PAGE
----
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Old-time music

From Academic Kids

Old-time music, a traditional style of American music, has roots in Irish, English, Scottish and African folk music. During the late 19th and early 20th century, minstrel, tin pan alley and other popular music also entered the genre. Practitioners play it with stringed instruments such as the fiddle, banjo, guitar, mandolin and bass. Old time music was originally associated with the Appalachia region of the United States of America.

The term "old-time" as a label goes back to 1923. Fiddlin' John Carson made some of the very first commercial recordings of traditional American country music for the Okeh label. The recordings became hits and Okeh, which had previously coined the term "race recording" for African-American recording artists, began using old time music as a descriptive term for records by artists of Carson's style.

Instrumental old-time music is traditionally played at dances, and is considered to be dance music. This contrasts with bluegrass music which is largely concert music. Bluegrass music developed from old-time music, and shares many of the same songs and instruments, but is more oriented toward solo performance than is old-time music.

Old-time music experienced a great revival in the early 1960s in areas such as Chapel Hill, North Carolina. Alan Jabbour, founding director of the Folklife Center at the Library of Congress, became a leader of this revival while a student at Duke University.

Traditionally, players learn old-time music by ear. Even those musicians who can read music will learn and play old-time tunes by ear. A broad selection of written music does exist. However, it is widely acknowledged that the style of old time music cannot be practically notated by written music.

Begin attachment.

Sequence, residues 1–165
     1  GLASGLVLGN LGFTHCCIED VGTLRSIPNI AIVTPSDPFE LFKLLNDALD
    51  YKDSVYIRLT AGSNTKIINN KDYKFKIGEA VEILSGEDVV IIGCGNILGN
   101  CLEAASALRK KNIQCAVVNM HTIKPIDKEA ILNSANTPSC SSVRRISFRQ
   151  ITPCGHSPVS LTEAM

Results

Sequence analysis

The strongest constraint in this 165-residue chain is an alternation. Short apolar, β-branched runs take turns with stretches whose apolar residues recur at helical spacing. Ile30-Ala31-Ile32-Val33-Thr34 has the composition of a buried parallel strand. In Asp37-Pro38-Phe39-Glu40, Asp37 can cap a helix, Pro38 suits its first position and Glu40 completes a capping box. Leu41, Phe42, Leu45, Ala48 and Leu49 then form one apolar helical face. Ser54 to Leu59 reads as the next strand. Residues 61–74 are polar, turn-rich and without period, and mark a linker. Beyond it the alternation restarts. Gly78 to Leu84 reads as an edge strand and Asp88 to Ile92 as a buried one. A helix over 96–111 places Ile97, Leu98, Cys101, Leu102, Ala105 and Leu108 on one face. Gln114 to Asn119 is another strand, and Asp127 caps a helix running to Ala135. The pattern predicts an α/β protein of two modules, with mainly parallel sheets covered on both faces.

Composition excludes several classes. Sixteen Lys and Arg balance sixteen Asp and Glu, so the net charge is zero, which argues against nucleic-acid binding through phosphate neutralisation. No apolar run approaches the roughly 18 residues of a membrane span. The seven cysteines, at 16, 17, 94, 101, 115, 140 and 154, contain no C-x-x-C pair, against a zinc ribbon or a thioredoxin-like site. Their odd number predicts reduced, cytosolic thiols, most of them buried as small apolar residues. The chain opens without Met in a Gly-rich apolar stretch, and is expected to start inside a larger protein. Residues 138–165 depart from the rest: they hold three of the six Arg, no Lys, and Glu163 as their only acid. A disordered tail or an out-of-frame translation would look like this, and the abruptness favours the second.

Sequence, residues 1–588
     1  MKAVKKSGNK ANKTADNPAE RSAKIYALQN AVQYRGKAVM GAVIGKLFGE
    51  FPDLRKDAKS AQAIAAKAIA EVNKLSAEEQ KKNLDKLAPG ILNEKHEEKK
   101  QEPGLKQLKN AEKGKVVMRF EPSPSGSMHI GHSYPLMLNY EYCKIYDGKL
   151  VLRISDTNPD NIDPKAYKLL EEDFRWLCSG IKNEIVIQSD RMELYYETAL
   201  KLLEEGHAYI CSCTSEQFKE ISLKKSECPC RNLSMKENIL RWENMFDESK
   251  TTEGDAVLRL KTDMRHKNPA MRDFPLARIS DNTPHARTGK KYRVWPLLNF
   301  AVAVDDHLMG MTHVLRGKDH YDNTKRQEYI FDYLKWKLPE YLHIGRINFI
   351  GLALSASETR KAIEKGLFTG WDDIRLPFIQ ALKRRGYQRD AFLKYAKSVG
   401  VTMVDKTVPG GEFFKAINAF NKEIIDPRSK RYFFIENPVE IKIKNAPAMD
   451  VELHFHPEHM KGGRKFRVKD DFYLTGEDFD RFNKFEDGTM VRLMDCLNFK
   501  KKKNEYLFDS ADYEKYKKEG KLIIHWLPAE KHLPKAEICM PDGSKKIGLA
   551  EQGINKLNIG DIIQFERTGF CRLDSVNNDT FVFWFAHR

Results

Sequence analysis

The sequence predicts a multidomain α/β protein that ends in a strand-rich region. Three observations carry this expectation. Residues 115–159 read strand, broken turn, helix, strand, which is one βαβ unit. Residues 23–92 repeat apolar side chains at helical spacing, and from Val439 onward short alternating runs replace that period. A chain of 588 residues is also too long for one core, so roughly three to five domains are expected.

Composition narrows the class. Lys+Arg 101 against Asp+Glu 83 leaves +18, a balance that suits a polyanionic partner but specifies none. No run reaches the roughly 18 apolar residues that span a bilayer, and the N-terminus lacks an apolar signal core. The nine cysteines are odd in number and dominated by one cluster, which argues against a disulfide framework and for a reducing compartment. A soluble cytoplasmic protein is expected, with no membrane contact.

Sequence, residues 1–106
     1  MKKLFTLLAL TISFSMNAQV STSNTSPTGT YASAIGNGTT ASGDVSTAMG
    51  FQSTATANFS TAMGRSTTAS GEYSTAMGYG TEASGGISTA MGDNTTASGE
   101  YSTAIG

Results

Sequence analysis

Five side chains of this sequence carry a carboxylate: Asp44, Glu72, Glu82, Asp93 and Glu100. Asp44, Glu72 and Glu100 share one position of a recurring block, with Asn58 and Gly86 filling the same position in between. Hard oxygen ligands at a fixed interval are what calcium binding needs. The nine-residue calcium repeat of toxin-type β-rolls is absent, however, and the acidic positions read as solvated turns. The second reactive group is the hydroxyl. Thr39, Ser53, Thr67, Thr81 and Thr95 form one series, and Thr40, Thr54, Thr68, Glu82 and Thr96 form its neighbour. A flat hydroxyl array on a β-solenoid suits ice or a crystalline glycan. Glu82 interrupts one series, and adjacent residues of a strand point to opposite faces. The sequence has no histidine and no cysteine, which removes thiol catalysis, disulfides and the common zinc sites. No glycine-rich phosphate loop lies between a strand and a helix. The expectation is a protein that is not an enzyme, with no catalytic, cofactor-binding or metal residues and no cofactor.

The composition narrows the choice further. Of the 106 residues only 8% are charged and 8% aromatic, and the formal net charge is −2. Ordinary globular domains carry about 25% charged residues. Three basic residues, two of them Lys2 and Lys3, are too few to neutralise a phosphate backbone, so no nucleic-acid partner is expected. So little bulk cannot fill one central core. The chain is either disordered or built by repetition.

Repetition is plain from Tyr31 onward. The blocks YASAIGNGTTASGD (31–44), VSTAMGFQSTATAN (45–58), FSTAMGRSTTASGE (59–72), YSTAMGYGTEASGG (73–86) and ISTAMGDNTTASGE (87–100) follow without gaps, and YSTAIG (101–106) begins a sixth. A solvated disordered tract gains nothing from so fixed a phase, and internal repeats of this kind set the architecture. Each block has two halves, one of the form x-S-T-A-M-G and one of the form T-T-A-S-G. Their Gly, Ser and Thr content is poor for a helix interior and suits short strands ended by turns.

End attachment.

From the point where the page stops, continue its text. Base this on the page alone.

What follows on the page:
Contents

1 See also
2 Samples
3 External links

Appalachian regional influences

Appalachian folk music is a distinctive genre of folk music Appalachian music is believed to have developed from traditional Scottish, English and Irish music brought to the USA by immigrants from those countries, and in turn it influenced country music and Old Time Music.

A Scottish fiddler named Neil Gow is usually credited with developing (during the 1740s) the short bow sawstroke technique that defined Appalachian fiddling. This technique was altered during the next century, with European waltzes and polkas being most influential.

Appalachian folk became a major influence on styles like country music and bluegrass.

See also

Samples

External links

The folowing are links to traditional old time string band websites.

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